Beyond Sectarianism? On David Miller’s Theory of Human Rights


In his most recent book, National Responsibility and Global Justice, David Miller presents an account of human rights grounded on the idea of basic human needs. Miller argues that his account can overcome what he regards as a central problem for human rights theory: the need to provide a ‘non-sectarian’ justification for human rights, one that does not rely on reasons that people from non-liberal societies should find objectionable. The list of human rights that Miller’s account generates is, however, minimal when compared to those found in human rights documents, such as the Universal Declaration of Human Rights and the European Convention on Human Rights. This article argues that contrary to what Miller claims, his account is ‘sectarian’, since it relies on reasons that some non-liberals should find objectionable given their divergent values. It goes on to question whether ‘sectarianism’, as Miller defines it, is, in any case, a problem for human rights theory. The article concludes that Miller provides us with no reason to abandon commitment to a more extensive list of human rights.

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  1. 1.

    This and all subsequent references to Miller are to National Responsibility and Global Justice (Miller 2007). For the kind of liberal account that Miller opposes see (Griffin 2008).

  2. 2.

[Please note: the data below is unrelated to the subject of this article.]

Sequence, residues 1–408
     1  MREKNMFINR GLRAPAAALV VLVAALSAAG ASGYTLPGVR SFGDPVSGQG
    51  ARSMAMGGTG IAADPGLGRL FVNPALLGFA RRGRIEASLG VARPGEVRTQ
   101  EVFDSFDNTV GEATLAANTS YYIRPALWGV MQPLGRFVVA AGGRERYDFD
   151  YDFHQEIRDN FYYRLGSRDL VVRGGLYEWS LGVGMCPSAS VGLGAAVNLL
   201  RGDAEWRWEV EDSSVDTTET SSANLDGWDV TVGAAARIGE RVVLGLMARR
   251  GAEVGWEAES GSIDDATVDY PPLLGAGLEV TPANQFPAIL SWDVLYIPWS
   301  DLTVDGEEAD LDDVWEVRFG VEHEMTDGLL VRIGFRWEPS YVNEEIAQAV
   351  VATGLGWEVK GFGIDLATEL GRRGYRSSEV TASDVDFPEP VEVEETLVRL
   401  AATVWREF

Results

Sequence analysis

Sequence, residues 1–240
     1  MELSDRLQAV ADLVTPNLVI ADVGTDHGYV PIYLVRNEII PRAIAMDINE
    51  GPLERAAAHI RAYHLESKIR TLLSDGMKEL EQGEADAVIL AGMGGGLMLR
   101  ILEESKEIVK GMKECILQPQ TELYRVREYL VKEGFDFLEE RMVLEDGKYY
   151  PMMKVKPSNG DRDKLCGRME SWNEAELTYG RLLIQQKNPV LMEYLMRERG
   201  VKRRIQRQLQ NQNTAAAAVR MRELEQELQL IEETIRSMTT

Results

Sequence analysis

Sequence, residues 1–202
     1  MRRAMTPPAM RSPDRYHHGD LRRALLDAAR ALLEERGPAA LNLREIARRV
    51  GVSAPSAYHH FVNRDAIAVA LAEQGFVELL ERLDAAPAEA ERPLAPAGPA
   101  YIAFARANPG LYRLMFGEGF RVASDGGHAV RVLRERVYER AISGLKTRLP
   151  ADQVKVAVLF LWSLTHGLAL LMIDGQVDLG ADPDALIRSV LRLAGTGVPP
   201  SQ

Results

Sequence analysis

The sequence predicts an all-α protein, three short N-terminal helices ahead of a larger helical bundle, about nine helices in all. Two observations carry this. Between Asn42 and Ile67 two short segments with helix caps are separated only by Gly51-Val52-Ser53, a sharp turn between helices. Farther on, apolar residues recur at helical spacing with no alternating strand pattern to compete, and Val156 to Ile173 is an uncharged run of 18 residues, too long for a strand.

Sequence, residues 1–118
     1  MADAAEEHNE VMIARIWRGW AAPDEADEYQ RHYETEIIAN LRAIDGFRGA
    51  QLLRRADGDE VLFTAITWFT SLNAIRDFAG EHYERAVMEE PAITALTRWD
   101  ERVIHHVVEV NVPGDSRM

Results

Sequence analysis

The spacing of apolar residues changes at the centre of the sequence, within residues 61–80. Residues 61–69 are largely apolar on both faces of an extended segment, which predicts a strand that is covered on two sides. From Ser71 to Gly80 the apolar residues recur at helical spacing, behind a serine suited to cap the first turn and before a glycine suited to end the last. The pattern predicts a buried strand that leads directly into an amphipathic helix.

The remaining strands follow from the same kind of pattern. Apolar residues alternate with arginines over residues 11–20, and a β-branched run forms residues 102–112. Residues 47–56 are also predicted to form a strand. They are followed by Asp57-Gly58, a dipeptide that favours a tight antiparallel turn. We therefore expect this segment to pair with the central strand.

For a justification of human rights based on actual political agreements see (Beitz 2006). For accounts which claim to find an overlapping consensus amongst various ethical traditions see (Taylor 1999; Walzer 1994). Ironically, Miller rejects these alternative accounts for either being implicitly ‘sectarian’ or for failing to support important human rights (pp. 168–178): two charges I shall make against Miller’s own account.


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I owe thanks to G. A. Cohen who helped me develop my response to Miller’s theory of human rights when I was working on my doctoral thesis. I also owe thanks to my former colleagues at the Center for Ethics in Society at Stanford to whom I presented an early draft in 2010. Perceptive comments from the Editor of Res Publica and an anonymous reviewer inspired significant improvements. Finally, I would like to thank David Miller himself for his generous support and encouragement of my work and his ever willingness to engage in debate regarding human rights and other topics of mutual interest.

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Correspondence to Kieran Oberman.

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Oberman, K. Beyond Sectarianism? On David Miller’s Theory of Human Rights. Res Publica 19, 275–283 (2013).

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  • David Miller
  • Human rights
  • Sectarianism
  • Liberalism